In the last few posts (here, here and here) I’ve made the point that as we age the training variable we probably most need to focus on is aerobic capacity (VO2max), according to the research on aging, as it appears to decline faster than lactate threshold (Allen, Coggan) and economy (Tanaka, Tanaka). So next we'll examine aerobic capacity a little more closely since it seems to be the primary limiter for most of us (Hawkins, Wiswell).
Note, however, that this doesn’t mean it is the limiter for all older athletes, especially those who have been in their sport for a short time, perhaps three years or less. Of course, there may well be several things, not just aerobic capacity, that are holding you back when it comes to improving your endurance performance as you get older. A likely candidate for this list is your body weight. Another related physical matter is the loss of muscle mass. I'll come back to these shortly.
For now we’ll take a bit deeper look at aerobic capacity. Let’s start by getting a handle on what it means.
Aerobic capacity is determined using this formula:
VO2max = ml O2 / kg / min
The common way VO2max is determined in a lab is to have you run (or bike) starting at a low intensity with increases every few minutes until you can no longer continue. It isn’t fun. But it produces a number – your VO2max – which is an indicator of your endurance fitness. At your peak output, just before failure, the amount of oxygen you’re consuming per minute (“min”) is measured using a device hooked up to a mask over your nose and mouth in order to measure the gases you are breathing in and out. The measured oxygen component of those gases is referred to as “ml O2” (milliliters of oxygen).
A computer, which is a part of the testing device, divides your ml O2 per minute by your body weight in kilograms (“kg”). If you’ll recall from your elementary school math class, whenever you divide two numbers, as the denominator (the number you’re dividing by) increases, the quotient (VO2max in this case) decreases. So what does that mean? As your body weight increases, your aerobic capacity decreases. This should be obvious to you. You’ve probably had times in your sport career when you’ve put on a bit of weight. At those times running, cycling or cross country skiing uphill has been harder. If you lost weight it became easier. Both of these are reflections of your aerobic capacity at the time.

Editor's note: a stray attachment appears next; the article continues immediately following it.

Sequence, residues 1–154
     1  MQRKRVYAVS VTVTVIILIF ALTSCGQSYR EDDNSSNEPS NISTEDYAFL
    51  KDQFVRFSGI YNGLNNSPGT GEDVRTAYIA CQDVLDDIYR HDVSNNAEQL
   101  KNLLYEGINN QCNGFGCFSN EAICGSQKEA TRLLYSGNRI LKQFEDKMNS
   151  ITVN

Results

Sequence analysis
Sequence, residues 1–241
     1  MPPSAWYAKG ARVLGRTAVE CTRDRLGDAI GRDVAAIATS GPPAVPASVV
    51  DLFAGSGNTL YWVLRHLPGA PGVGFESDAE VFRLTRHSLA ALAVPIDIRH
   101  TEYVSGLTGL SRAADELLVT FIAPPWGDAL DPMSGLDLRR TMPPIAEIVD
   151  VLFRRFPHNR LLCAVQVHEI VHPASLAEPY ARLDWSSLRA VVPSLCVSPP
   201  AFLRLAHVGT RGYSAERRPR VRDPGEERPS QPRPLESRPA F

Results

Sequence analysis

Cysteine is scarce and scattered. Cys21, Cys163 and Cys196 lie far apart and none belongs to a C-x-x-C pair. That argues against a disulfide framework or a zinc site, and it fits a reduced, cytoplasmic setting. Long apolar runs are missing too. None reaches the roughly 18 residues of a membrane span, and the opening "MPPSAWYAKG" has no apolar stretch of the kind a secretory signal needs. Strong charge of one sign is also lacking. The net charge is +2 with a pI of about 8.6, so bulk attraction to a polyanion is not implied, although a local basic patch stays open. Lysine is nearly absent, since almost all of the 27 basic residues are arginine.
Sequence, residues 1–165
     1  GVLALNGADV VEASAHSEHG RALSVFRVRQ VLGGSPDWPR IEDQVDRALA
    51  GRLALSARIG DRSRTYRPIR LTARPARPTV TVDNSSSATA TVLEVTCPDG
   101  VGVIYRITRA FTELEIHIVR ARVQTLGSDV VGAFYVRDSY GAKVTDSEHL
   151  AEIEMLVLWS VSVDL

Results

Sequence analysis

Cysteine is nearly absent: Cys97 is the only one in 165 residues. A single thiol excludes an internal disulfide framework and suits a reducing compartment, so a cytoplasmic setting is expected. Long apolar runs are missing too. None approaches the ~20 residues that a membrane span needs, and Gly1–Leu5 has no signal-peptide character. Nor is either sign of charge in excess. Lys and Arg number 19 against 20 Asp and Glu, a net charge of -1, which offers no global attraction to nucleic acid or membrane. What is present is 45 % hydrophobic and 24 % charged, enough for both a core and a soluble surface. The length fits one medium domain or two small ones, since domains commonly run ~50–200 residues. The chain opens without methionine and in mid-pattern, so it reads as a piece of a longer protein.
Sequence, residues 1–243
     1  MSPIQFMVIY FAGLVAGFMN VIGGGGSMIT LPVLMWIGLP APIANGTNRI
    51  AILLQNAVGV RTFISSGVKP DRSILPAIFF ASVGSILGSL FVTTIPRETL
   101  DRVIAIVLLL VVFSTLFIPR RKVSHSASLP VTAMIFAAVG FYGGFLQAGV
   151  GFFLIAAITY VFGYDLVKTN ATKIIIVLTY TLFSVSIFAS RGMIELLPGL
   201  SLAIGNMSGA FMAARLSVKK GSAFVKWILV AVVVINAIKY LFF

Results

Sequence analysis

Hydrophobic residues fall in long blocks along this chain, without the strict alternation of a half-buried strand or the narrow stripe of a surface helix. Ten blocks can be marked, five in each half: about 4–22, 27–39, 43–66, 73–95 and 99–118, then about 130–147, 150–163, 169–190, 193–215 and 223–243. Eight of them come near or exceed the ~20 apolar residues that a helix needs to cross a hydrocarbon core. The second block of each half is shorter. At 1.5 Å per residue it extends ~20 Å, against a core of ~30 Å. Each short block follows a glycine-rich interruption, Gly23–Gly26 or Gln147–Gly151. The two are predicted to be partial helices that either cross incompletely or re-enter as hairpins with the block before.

All of this means that there are two formula-based determiners of your aerobic capacity – body weight and ml O2 used (“min” is constant). Lower weight means higher VO2max. Higher weight means lower VO2max. Simple.
The other determiner is not so simple. This is the component of aerobic capacity that has to do with how much O2 you used at peak, sustained effort. It includes a whole bunch of stuff such as how much blood your heart pumps per beat, how many red blood cells you have to carry the oxygen, the number of tiny capillaries in the muscles to deliver the blood, the amount of aerobic enzymes in the working muscles to “pull” the oxygen out of the blood into the muscle and convert it to energy, and much more. (Note that I didn’t mention lung capacity. That only becomes an aerobic capacity issue if you have a lung-related disease or condition.)
Other than losing weight, there are two primary ways to improve the oxygen-using components of aerobic capacity with training. One is by doing a lot of long workouts. The other is by training with high intensity. As an older athlete who has been training for years and years, more long, slow distance workouts aren’t going to do much for you in this regard. That brings us back to high-intensity training which, if you’ll recall from my last post, was shown by Trappe, Costill and associates to be the best way to preserve aerobic capacity as we age.
In my next post here we’ll examine the details of high-intensity training to improve aerobic capacity and a few of the adjustments that are usually necessary as we age.
Allen WK, Seals DR, Hurley BF, et al. 1985. Lactate threshold and distance-running performance in young and older endurance athletes. J Appl Physiol 58:1281-4.
Coggan AR, Spina RJ, Rogers MA, et al. 1990. Histochemical and enzymatic characteristics of skeletal muscle in master athletes. J Appl Physiol 68:896-901.
Hawkins S, Wiswell R. 2003. Rate and mechanism of maximal oxygen consumption decline with aging: implications for exercise training. Sports Med 33(12):877-88.
Tanaka H, Seals DR. 2003. Invited review: dynamic exercise performance in masters athletes: insight into the effects of primary human aging on physiological functional capacity. J Appl Physiol 95(5):2152-62.
Tanaka H, Seals DR. 2008. Endurance exercise performance in masters athletes: age-associated changes and underlying physiological mechanisms. J Physiol 586(1):55-63.
Trappe SW, Costill DL, Vukovich MD, et al. 1996. Aging among elite distance runners: a 22-year longitudinal study. J Appl Physiol 80(1):285-90.
Wiswell RA, Jaque V, Marcell TJ, et al. 2000. Maximal aerobic power, lactate threshold, and running performance in master athletes. Med Sci Sports Exer 32:1165-70.